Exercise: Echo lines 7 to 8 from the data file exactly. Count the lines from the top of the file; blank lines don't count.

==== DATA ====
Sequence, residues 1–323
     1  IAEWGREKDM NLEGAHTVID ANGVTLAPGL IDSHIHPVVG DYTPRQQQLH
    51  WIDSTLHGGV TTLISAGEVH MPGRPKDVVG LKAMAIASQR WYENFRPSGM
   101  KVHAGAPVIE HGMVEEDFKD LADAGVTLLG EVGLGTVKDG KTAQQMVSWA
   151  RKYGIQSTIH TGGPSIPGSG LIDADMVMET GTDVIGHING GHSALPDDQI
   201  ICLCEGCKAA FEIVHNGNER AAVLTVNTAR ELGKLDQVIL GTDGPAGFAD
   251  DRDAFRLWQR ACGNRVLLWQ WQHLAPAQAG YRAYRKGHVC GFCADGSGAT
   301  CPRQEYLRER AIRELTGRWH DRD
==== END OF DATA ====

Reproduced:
   251  DRDAFRLWQR ACGNRVLLWQ WQHLAPAQAG YRAYRKGHVC GFCADGSGAT
   301  CPRQEYLRER AIRELTGRWH DRD